How is natural talent encouraged at the school?

Is teamwork fostered or not? Teamwork is a important life skill and any good school will encourage this. Do not just pick the first local school in the area. View at least two. Do your preparation and research the school in question properly. Read beyond the lines. A good school will not expect impossible things from the kids currently attending and have a well developed link to the local community. You could also see a published laminated copy of up to date pupil waiting lists and discover more about what exactly the school does to help army and special needs families. Best of luck.
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grapefruits
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Thank you for all the responses so far. It looks like there's a lot to learn on this subject!
(Original post by Mesopotamian.)
Each school has a standard uniform that every student purchases before they attend, I would’ve thought it was the same as grammar/ private, no?
I see, so the rumour was wrong then - it is a rumour after all.
I can't speak for grammar schools, but certainly at private schools we purchase our uniform beforehand, too.

(Original post by NoraSmith)
the ones I experienced left a lot to be desired - the class sizes were overwhelming, there was no discipline, many students (and teachers) were totally stressed out. As a result of all this, the teaching quality was poor. I too have seen state school portrayals in the media and, at least in my experience, they’re pretty accurate. In answer to your question about uniform, we did have proper uniforms, and they actually weren’t too bad (when they were worn correctly!)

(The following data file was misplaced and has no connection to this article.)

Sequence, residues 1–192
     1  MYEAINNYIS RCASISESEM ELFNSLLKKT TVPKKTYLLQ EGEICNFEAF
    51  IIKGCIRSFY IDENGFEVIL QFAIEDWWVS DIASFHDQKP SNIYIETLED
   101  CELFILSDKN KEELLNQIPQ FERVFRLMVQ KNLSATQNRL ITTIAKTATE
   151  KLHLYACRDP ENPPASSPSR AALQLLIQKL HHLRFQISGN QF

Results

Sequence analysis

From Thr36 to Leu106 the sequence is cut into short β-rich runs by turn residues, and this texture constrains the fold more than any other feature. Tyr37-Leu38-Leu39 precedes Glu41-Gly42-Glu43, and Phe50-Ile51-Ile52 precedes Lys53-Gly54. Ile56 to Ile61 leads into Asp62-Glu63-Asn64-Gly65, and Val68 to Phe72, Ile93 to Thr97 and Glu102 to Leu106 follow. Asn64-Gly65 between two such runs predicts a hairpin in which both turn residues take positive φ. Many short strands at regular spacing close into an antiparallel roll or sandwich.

What type of school do/did you attend?
I'm sorry you had an unpleasant experience at school. I hope you are having a better time now!
I attend a public school.
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grapefruits
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(Original post by Nautilus)
I assume you don't live in the UK. The vast majority of children go to state schools. They are free at the point of entry - no fees involved. Some are good, some not so good and some not very good at all. State schools are funded through our taxation system and funds are released via local authorities or academy chains. Most state secondary schools are compehensive schools, and children of all academic abilities attend them.

Some counties still have the (IMO not great) grammar school system, where children have to pass the 11+ to attend. This benefits children of parents who can afford to pay for private tutors, and often bright children from poorere families miss out on grammar school. This is a very unequal system IMO.

Private schools are fee paying schools, and only children of people who can afford to pay for their children's education send them, and occasionally children who manage to get scolarships. The percentage of children who go to private schools is very small - less than 10%.